We sought to describe: (1) the prevalence of internet, cellular phone, and text message use among women attending an urban sexually transmitted infections (STI) clinic, (2) the acceptability of health advice by each mode of information and communication technology (ICT), and (3) demographic characteristics associated with ICT use. This study is a cross-sectional survey of 200 English-speaking women presenting to a Baltimore City STI clinic with STI complaints. Participants completed a self-administered survey querying ICT use and demographic characteristics. Three separate questions asked about interest in receiving health advice delivered by the three modalities: internet, cellular phone, and text message. We performed logistic regression to examine how demographic factors (age, race, and education) are associated with likelihood of using each modality. The median age of respondents was 27 years; 87% were African American, and 71% had a high school diploma. The rate of any internet use was 80%; 31% reported daily use; 16% reported weekly use; and 32% reported less frequent use. Almost all respondents (93%) reported cellular phone use, and 79% used text messaging. Acceptability of health advice by each of the three modalities was about 60%. In multivariate analysis, higher education and younger age were associated with internet use, text messaging, and cellular phone use. Overall rate of internet use was high, but there was an educational disparity in internet use. Cellular phone use was almost universal in this sample. All three modalities were equally acceptable forms of health communication. Describing baseline ICT access and the acceptability of health advice via ICT, as we have done, is one step toward determining the feasibility of ICT-delivered health interventions in urban populations.
PMCID: PMC2821605  PMID: 19941085
Women’s Health; Internet use; Cellular phone; SMS; Text message; Sexually transmitted infections
4.  The Relationship between Recent Alcohol Use and Sexual Behaviors 
Binge drinking is associated with risky sexual behaviors and STDs. Few studies have investigated this by gender or in an STD clinic. This cross-sectional study examined the association between binge drinking and risky sexual behaviors/STDs among patients attending an urban STD clinic.
671 STD clinic patients were tested for STDs, and queried about recent alcohol/drug use and risky sexual behaviors using audio computer-assisted-self-interview. The association between binge drinking and sexual behaviors/STDs was analyzed using logistic regression adjusting for age, employment, and drug use.
Binge drinking was reported by 30% of women and 42% of men. Gender differences were found in rates of receptive anal sex which increased linearly with increased alcohol use among women but did not differ among men. Within gender analyses showed that women binge drinkers engaged in anal sex at more than twice the rate of women who drank alcohol without binges(33.3% vs. 15.9%;p<.05) and three times the rate of women who abstained from alcohol(11.1%;p<.05). Having multiple sex partners was more than twice as common among women binge drinkers than women abstainers(40.5% vs. 16.8%;p<.05). Gonorrhea was nearly 5 times higher among women binge drinkers compared to women abstainers(10.6% vs.2.2%;p<.05). The association between binge drinking and sexual behaviors/gonorrhea remained after controlling for drug use. Among men, rates of risky sexual behaviors/STDs were high, but did not differ by alcohol use.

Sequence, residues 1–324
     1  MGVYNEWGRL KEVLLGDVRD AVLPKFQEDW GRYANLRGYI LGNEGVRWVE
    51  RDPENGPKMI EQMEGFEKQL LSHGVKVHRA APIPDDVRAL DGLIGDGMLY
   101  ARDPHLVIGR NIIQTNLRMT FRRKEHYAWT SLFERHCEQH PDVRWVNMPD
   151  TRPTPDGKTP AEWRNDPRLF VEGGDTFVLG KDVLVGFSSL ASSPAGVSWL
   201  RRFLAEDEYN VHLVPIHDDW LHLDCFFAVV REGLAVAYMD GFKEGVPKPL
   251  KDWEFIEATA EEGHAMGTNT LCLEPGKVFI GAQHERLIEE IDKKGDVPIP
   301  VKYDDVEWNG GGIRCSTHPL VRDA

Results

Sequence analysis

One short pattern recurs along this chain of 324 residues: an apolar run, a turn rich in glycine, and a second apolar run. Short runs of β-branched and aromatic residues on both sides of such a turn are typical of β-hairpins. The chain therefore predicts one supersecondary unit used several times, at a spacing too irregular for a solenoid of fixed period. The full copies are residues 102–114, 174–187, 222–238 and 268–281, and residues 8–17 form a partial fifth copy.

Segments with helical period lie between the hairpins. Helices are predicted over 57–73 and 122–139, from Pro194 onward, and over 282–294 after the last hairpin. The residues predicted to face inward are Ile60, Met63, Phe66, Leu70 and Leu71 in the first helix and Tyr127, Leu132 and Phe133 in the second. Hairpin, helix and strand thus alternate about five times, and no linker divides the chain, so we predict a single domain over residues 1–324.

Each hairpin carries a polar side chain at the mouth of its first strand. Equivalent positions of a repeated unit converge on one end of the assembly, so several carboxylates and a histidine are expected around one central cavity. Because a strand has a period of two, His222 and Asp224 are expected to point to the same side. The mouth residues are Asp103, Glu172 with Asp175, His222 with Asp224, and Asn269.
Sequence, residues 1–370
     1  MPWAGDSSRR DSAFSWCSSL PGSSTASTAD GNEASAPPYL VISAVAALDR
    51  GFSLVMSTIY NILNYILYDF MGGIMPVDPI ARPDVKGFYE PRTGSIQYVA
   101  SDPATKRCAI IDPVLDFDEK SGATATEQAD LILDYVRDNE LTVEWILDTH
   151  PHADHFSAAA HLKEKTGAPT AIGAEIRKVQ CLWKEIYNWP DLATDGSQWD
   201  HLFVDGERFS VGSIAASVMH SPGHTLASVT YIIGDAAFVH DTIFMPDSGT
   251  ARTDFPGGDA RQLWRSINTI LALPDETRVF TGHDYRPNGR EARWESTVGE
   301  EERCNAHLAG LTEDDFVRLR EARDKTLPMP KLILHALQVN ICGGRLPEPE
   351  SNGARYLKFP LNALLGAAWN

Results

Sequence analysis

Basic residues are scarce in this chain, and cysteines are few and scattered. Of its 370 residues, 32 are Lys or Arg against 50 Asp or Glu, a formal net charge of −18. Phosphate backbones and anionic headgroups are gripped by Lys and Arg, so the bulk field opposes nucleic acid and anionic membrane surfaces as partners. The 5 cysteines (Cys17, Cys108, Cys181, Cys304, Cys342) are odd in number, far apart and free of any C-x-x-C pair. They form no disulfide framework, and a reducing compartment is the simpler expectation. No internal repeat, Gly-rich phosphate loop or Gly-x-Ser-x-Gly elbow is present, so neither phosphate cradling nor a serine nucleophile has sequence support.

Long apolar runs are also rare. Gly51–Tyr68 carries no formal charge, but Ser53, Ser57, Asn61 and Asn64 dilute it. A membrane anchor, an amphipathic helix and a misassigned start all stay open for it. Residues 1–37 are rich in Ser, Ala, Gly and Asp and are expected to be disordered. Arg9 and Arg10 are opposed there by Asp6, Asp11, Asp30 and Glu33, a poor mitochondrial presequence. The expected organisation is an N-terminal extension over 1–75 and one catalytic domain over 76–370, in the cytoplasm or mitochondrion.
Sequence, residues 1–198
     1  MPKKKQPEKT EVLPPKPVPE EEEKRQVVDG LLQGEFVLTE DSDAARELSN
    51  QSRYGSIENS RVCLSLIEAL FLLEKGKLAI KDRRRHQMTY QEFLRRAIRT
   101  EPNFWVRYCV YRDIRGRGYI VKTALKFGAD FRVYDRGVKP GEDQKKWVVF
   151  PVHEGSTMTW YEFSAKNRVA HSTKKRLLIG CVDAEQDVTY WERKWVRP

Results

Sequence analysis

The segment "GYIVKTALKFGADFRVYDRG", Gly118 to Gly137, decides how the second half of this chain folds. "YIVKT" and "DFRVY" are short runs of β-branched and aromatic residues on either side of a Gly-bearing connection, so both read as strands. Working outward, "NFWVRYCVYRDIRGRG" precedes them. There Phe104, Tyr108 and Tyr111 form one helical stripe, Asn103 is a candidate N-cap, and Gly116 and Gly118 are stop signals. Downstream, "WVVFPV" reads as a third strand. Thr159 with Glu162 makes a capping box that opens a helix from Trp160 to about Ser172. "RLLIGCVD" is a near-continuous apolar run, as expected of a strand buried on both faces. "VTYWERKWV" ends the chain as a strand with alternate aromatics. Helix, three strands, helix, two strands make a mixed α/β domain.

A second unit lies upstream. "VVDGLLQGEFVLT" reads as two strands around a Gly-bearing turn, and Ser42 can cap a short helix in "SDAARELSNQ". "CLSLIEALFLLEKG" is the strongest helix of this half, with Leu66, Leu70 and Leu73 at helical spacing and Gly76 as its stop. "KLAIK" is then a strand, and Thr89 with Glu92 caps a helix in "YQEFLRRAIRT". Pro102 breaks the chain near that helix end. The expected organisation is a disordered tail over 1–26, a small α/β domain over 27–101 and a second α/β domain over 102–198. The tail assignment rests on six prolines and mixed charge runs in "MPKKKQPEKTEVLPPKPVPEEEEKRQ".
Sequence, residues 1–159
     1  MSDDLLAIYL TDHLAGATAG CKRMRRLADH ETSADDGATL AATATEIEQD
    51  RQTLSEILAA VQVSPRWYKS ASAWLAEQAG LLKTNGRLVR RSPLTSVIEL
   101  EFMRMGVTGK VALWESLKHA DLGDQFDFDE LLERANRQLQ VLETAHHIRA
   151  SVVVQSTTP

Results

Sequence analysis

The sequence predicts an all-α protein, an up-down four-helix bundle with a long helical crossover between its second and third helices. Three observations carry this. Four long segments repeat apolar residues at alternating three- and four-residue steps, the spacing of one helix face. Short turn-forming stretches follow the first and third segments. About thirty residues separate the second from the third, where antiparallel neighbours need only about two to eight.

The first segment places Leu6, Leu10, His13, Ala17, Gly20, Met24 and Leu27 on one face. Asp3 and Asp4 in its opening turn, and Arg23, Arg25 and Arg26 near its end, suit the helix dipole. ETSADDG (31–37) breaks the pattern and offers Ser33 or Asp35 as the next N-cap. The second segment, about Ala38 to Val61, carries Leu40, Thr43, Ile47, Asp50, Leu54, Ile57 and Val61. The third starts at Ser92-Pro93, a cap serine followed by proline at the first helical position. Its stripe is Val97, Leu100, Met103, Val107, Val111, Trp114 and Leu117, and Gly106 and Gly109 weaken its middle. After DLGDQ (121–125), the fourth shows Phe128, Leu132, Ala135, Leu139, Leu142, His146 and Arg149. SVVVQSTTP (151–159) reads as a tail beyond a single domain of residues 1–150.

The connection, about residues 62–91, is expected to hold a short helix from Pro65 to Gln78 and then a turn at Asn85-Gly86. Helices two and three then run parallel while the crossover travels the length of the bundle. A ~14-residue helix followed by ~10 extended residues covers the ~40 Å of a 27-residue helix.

Rates of binge drinking among STD clinic patients were high. Among women, binge drinking was uniquely associated with risky sexual behaviors and an STD diagnosis. Our findings support the need to routinely screen for binge drinking as part of clinical care in STD clinics. Women binge drinkers, in particular, may benefit from interventions that jointly address binge drinking and risky sexual behaviors. Developing gender-specific interventions could improve overall health outcomes in this population.
PMCID: PMC2588489  PMID: 18782336
hazardous alcohol use; binge drinking; risky sexual behavior; STDs; gender differences
5.  Lumbar Puncture in HIV-Infected Patients with Syphilis and No Neurologic Symptoms 
The decision to perform lumbar puncture in patients with asymptomatic human immunodeficiency virus (HIV) infection and syphilis is controversial. The Centers for Disease Control and Prevention recommend certain criteria that warrant lumbar puncture. Here, we assess the performance of these criteria for detecting asymptomatic neurosyphilis (ANS).
Eligible subjects consisted of all patients with concurrent HIV infection and syphilis in a prospective clinical cohort who had no neurologic symptoms at the time of lumbar puncture. We retrospectively applied different stratification criteria to calculate the performance of lumbar puncture in detecting ANS: (1) lumbar puncture in patients with late latent syphilis or syphilis of an unknown duration, regardless of the CD4 cell count or rapid plasma reagin titer; (2) lumbar puncture if the CD4 cell count was ≤350 cells/mL and/or the rapid plasma reagin titer was ≥1:32, regardless of the syphilis stage; and (3) lumbar puncture in the context of serologic nonresponse to syphilis therapy.